Childhood's End by Sir Arthur C. Clarke
Surprising Science Fiction Novel
Beginning to read Arthur C. Clarke's Childhood's End, I felt bizarrely familiar with the story line.
It was not the prognostication of 100% infallible oral contraceptives and blood typing for paternity determination or the slight suggestion, in 1953, of DNA analysis. Arthur C. Clarke, had, after all, forecast the use of satellite sin the upper atmosphere long decades before the USSR's Sputnik broke the skies of the space ceiling. I was pleased to not that he had made biological forecasts as well as meteorological and telecommunications predictions..
What fun! - It was as if Clarke had had, no a Wayback Machine from TV's Rocky and Bullwinkle Show, but a FastForward Machine. He just needed a smart dog to go with the imaginative boy that he still was. Indeed, he was both the boy and the genius canine all in one. Apparently, few would listen to Clarke's forecasts of satellite communications in his youth. I wonder if he later said, "I told you so"?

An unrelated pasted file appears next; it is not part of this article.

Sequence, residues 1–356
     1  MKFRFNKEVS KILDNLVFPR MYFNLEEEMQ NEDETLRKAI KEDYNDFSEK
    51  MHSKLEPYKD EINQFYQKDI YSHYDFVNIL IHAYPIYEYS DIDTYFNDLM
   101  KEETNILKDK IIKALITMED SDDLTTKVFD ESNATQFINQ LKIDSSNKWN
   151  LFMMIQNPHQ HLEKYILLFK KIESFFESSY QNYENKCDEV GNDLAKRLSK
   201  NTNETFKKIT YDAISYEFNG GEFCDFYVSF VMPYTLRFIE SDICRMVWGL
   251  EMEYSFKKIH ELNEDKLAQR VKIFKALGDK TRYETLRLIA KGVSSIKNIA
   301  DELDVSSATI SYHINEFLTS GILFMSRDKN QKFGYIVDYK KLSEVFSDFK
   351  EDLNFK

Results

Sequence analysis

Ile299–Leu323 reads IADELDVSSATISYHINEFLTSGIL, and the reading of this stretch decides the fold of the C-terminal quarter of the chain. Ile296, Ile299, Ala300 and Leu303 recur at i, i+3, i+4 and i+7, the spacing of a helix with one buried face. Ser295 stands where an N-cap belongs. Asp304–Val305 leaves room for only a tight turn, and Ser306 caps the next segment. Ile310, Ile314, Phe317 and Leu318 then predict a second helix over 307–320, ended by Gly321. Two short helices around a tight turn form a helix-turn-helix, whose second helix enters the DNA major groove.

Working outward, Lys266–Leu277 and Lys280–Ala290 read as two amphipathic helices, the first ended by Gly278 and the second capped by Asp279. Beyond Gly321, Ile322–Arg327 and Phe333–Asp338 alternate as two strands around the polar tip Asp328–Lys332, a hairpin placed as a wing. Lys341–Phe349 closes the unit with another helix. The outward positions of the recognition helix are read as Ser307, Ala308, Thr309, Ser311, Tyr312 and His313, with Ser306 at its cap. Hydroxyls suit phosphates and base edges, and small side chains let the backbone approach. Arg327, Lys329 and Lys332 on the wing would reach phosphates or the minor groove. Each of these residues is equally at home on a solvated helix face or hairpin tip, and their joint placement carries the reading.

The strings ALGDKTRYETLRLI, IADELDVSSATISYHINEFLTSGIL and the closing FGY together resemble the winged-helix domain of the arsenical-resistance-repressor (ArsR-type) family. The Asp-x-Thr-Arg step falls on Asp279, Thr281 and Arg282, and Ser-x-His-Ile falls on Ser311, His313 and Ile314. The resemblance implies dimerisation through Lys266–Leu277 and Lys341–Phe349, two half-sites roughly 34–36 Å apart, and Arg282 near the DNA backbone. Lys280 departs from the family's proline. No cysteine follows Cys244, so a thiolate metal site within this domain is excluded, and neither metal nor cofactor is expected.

I know that I had not read the book previously, but felt myself walking through a familiar dreamworld woods through which I had set at least one foot before. Not deja vu, but recognition of a path.
It was this that startled: a race of alien Overlords kept their physical appearance veiled by a screen from the humans that they oversaw through Supervisor Karellen. This Karellen used a Wayback TV set through which the Overlord race showed humans most of the real history of their planet form the 21st century back through 4004 BC. However, the Overlords blocked out short parts of the presentations for the "humans own good." Is censorship ever really good? Each must decide that for himself. Thus, on page 74 out of 222, I was startled into a memory.
Superstition or Revisionist History or The Truth?